2.1.6.1. As speakers engage in discourse, the language functions of the speech acts generate more and more meaning for the speakers and the listeners. The complexity of the function of language generates more than simple back and forth comments. In fact, probably the most complex type of language function occurs in a debate where two or more speakers are using a multitude of very sophisticated speech acts.

2.1.6.2. The speakers present material that all speakers already know

2.1.6.3. If schools want their students to be able to use their own words to debate, persuade, follow complex time-based activities, organize their work, complete multi-tasks on time; then they must give attention to these complex language functions.

2.1.7. Speech acts

2.1.7.1. Semantic development allows a speaker of English to use language to perform a variety of functions within a conversation. These conversational language functions or speech acts include the rules for the context, verbal and non-verbal characteristics of the speaker’s utterance, and the effects on the listener.

2.1.7.1.1. E,X: eight-year-old boy, Dexter, asks for help with his homework: “Dad, can you help me with my spelling?” Dad is busy working on his taxes. Dad says, “Not now.” So, the context is that Dad is not ready to hear that Dexter wants help with his homework. Dad is not looking at Dexter. Dad is looking at his tax paperwork. In fact, Dad’s back is to Dexter when Dexter asks for help.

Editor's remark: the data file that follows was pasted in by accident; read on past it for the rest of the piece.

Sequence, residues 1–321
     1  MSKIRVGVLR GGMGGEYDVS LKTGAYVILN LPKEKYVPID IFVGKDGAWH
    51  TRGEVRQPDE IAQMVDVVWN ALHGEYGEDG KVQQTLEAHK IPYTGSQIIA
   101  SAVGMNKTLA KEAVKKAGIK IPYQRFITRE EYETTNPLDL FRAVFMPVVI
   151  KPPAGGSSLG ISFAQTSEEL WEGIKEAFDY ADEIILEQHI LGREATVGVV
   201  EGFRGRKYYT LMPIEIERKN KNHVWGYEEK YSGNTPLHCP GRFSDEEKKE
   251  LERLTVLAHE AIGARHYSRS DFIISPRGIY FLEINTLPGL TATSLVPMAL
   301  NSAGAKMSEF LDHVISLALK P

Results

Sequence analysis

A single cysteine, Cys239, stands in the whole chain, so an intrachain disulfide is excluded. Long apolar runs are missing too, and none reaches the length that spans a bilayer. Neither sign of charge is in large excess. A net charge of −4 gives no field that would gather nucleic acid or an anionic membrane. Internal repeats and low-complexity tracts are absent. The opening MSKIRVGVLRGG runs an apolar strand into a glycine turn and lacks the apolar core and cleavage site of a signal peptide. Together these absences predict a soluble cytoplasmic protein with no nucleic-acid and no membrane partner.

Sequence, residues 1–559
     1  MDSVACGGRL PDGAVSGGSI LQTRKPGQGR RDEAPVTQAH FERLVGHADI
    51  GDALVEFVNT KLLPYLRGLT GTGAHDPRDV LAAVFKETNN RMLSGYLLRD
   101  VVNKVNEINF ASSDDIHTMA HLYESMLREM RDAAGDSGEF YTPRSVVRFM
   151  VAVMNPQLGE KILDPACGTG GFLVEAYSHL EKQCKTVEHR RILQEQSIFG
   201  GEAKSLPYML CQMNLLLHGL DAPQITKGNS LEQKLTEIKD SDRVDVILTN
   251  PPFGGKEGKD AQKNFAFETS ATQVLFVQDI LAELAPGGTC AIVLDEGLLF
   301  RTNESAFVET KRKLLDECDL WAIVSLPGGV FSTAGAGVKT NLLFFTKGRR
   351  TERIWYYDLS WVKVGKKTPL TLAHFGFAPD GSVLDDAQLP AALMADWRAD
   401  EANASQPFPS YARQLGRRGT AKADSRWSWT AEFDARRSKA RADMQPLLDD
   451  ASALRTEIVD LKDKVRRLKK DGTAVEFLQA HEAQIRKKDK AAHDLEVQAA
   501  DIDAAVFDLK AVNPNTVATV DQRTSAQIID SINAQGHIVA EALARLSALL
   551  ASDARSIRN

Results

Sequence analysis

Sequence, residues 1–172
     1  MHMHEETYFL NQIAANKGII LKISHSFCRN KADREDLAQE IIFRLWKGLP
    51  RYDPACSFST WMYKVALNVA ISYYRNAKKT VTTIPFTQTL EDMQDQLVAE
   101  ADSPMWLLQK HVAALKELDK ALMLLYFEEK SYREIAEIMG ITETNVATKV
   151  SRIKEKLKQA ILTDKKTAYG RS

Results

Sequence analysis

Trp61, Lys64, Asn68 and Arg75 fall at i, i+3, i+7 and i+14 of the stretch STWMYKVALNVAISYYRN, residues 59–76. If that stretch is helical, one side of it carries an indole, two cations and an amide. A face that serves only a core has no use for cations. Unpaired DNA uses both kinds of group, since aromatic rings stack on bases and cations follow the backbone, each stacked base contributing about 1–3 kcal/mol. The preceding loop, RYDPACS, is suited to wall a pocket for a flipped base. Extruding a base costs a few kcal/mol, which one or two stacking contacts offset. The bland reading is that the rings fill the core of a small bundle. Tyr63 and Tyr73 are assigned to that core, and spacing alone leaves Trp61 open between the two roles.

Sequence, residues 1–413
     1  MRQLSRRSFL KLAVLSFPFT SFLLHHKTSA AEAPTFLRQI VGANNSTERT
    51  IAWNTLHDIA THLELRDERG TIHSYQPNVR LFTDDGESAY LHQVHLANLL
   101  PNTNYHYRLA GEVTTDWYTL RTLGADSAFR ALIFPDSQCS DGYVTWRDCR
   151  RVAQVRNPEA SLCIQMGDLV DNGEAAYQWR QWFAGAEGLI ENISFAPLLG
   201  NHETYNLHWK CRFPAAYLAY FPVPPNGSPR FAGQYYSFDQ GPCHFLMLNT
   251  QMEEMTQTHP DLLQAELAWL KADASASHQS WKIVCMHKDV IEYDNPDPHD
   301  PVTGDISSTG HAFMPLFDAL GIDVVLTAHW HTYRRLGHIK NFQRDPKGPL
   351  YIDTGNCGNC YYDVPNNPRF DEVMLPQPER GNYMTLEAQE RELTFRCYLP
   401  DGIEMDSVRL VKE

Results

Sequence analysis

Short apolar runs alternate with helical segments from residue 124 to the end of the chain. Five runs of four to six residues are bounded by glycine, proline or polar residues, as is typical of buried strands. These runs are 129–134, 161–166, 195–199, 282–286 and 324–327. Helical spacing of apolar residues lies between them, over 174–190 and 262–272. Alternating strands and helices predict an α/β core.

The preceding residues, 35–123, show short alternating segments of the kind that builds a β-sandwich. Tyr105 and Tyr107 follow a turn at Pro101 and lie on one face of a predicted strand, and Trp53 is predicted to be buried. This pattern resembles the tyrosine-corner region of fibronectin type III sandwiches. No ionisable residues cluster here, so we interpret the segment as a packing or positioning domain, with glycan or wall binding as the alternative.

2.1.8. Productivity

2.1.8.1. Flexibility, like displacement and semanticity, increases a person’s ability to use language in a variety of ways for a variety of purposes. These expanded language functions help a person become more , because productive the person, who has maximum use of these expanded language functions, is able to use language to create a variety of linguistic forms for literacy.

2.1.8.1.1. Eventually, the language could be put into symbols that represent the spoken language either as an orthographic or written code of letters to sounds or as visual characters representative of expanded semantic relationships. These increased uses of language through writing are based on meaningful development of concepts. The language user has more than one way to use language production. This productivity develops as a language function.

2.1.8.2. Concepts mean similar ideas whether they are in spoken or written form.

2.1.8.3. Concepts can be understood whether communicated through writing or speaking or drawing or numeracy.